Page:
Setting the field: Australia-India engagement in Southeast Asia
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Setting the field: Australia-India engagement in Southeast Asia

Setting the field: Australia-India engagement in Southeast Asia

Danielle Rajendram


12 January 2014

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Executive Summary

2014 proved to be a significant year for Australia-India ties. The year saw Tony Abbott visit India for the first time as Prime Minister, and as the first foreign leader to be welcomed by the new government. Prime Minister Modi reciprocated with a full bilateral visit to Australia following the G20 Leaders’ Summit in November, the first of any Indian Prime Minister since Rajiv Gandhi in 1986. The last year also saw the conclusion of the long-awaited civil nuclear cooperation agreement, and the inauguration of a Framework for Security Cooperation.

It is clear that Australia and India are now both beginning to recognise the considerable economic and strategic potential that a closer bilateral relationship could bring. In his speech to Australian Parliament, the first of any Indian Prime Minister, Modi outlined his view of Australia ‘as a major partner in every area of our national priority’, noting that Australia will no longer be at the periphery but at the centre of India’s vision.

India’s increased emphasis on Australia ties back into the Modi government’s decision to upgrade its longstanding Look East policy to ‘Act East’. Since its inception in the early 90s, Look East has gone a long way towards deepening India’s economic, institutional and strategic ties with the Asia-Pacific. China is already India’s top trading partner with a value of US$65 billion in 2013-2014, and at approximately US$74 billion, trade with ASEAN as a whole is even larger. Although Modi must demonstrate that Act East is more than just a rebranding, the upgraded policy signals India’s intention to play a more serious role in the region.

Since the second phase of Look East was initiated just over a decade ago, it has acquired a greater strategic emphasis with a significant naval dimension. The Indian Navy has been particularly crucial in deepening security ties with ASEAN states, through joint patrols, bilateral exercises, multilateral engagement, humanitarian assistance and disaster relief. While India’s Andaman and Nicobar Command presents a natural base for India to project power through the Malacca Strait into the waters of East Asia, the Indian Navy has also begun a significant rebalancing of its fleet from its Western to Eastern Naval Command. And with almost 55 percent of India’s trade transiting through the Malacca Straits, India has a strong interest being able to project naval power into the region if necessary.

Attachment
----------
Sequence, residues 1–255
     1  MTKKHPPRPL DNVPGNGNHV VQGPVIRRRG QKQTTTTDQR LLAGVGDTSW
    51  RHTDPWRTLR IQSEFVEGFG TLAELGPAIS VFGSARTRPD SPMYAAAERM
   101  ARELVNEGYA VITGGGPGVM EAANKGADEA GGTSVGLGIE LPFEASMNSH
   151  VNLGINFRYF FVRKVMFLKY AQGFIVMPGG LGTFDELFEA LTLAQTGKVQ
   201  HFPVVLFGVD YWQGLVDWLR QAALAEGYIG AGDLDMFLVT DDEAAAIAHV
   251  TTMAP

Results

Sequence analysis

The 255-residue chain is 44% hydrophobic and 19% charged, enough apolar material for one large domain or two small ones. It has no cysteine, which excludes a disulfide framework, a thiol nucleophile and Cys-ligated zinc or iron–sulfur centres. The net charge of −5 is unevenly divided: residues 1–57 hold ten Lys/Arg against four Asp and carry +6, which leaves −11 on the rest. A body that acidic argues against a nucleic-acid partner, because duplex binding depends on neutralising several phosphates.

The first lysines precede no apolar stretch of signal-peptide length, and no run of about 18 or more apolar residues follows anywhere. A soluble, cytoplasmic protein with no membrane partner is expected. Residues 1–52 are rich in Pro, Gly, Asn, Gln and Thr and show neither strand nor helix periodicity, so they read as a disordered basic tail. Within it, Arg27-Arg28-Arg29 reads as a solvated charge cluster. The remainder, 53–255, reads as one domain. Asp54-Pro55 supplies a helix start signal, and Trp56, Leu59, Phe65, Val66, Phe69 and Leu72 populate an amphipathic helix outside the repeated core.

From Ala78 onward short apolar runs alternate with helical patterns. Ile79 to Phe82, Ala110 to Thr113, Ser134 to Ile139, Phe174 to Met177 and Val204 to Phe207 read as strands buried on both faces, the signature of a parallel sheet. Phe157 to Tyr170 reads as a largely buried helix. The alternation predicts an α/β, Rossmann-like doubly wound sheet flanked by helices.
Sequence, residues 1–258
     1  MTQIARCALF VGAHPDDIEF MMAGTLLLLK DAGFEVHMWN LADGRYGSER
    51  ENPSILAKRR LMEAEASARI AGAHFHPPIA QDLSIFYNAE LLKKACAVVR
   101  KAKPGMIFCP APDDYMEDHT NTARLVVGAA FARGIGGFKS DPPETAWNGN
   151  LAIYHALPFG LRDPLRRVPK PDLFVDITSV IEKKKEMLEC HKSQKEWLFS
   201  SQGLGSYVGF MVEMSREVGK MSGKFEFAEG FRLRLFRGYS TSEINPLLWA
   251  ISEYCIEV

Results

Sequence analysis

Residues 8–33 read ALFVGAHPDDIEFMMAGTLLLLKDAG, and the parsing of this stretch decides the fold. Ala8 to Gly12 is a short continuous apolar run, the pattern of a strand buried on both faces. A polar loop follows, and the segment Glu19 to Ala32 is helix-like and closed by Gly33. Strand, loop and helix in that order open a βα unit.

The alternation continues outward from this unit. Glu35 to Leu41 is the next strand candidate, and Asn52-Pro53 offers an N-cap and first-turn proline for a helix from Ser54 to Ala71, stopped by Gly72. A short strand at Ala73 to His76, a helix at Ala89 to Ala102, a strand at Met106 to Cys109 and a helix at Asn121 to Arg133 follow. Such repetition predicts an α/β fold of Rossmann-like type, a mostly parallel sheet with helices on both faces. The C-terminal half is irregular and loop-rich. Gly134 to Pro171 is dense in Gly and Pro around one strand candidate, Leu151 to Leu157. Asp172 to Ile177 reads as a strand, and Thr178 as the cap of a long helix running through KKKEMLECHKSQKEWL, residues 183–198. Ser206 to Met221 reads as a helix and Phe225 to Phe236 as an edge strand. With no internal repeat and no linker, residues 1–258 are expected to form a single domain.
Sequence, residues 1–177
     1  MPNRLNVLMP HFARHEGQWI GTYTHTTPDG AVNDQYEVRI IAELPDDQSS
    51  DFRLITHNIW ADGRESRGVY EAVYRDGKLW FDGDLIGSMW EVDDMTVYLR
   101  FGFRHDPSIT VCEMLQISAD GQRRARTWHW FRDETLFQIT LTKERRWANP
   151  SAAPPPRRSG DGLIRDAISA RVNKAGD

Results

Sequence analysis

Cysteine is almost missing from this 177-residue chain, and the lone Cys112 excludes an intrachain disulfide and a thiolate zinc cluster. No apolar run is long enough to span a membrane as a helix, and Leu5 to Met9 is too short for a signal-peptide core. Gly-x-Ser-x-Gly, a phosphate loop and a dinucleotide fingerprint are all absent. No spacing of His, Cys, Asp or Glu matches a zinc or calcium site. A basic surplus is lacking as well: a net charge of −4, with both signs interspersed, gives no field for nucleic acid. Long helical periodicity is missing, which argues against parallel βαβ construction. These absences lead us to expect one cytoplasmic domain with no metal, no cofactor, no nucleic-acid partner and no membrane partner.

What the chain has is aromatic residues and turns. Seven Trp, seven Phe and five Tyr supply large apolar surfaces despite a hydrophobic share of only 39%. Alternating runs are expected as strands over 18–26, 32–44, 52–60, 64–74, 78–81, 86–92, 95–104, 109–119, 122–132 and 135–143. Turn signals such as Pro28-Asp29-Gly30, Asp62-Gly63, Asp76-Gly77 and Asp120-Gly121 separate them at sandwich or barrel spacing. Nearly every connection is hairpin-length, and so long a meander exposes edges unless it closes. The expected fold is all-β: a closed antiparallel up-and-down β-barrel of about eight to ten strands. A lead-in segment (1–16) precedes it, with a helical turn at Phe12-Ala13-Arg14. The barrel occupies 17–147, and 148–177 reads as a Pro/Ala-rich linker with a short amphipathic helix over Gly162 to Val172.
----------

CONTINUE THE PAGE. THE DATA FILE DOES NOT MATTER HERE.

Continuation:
However in recent years, India’s outreach to East and Southeast Asian has been driven by its concerns about China’s growing presence in the Indian Ocean, and increased assertiveness along their disputed border. China’s provocative behaviour on maritime territorial disputes in the East China Sea and South China Sea has also reinforced the relevance of a more serious Indian involvement in the region for its Southeast and East Asian partners, which are reaching out to India to serve as a potential strategic counterweight.

Under Modi, India has continued the external balancing policy of previous governments. However, India’s outreach to key states in the region has accelerated since his election, with a focus on practical partnerships with Japan, Vietnam, ASEAN, and Australia. Each of these offers unique benefits in advancing India’s Asia-Pacific strategy. Japan is the lynchpin of this strategy, and offers opportunities by virtue of its status as the most advanced Asian naval power in the region, and a potential source of considerable investment and technological assistance. Vietnam’s geostrategic position in Indochina and the South China Sea makes it a natural partner for India to balance against China in its own neighbourhood. As the central regional institution, ASEAN has long been at the heart of India’s eastward shift in focus. And Australia continues to offer assistance as a source of natural resources, capacity development for India’s burgeoning youth, and as a partner for naval cooperation.

Although a relationship that has long suffered from inattention, the seriousness with which the Modi government has approached its ties with Australia will continue to add maturity to the relationship. 2015 will see the beginning of bilateral naval exercises between the two, and the Framework for Security Cooperation allow Australia and India to build on their existing strategic partnership agreement to further strengthen security ties. Prime Minister Abbott has also stated his intention to conclude a free trade agreement with India by the end of 2015. If this is achieved, it will be enormously significant for Australia and India’s economic relationship, which had declined by almost 20 percent at the end of the last financial year.

There are as number of opportunities for Australia to support India’s eastward shift. Closer cooperation on maritime security holds particular promise for the two Indian Ocean democracies. That India is taking relations with the United States, Australia’s closest ally, more seriously also bodes well for the prospect of closer security ties. Should the Indian government be able to maintain the momentum of Act East, there is potential to add substance to India’s strategic role in the Asia-Pacific. If carefully managed, especially with relation to Chinese sensitivities, cautious Indian engagement could act as a stabilising force in the region. More importantly, successfully enhancing its role in East and Southeast Asia could signal the beginning of India’s transformation into a significant actor across the entire Indo-Pacific region.